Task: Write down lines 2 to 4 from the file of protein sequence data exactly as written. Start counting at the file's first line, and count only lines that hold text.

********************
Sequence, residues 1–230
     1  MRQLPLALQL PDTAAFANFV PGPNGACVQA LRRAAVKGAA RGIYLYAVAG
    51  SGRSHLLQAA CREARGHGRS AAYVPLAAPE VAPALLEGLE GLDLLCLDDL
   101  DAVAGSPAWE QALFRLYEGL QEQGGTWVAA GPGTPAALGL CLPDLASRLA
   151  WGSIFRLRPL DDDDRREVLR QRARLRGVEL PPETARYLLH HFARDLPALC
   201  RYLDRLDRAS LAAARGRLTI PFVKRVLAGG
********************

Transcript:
     1  MRQLPLALQL PDTAAFANFV PGPNGACVQA LRRAAVKGAA RGIYLYAVAG
    51  SGRSHLLQAA CREARGHGRS AAYVPLAAPE VAPALLEGLE GLDLLCLDDL
   101  DAVAGSPAWE QALFRLYEGL QEQGGTWVAA GPGTPAALGL CLPDLASRLA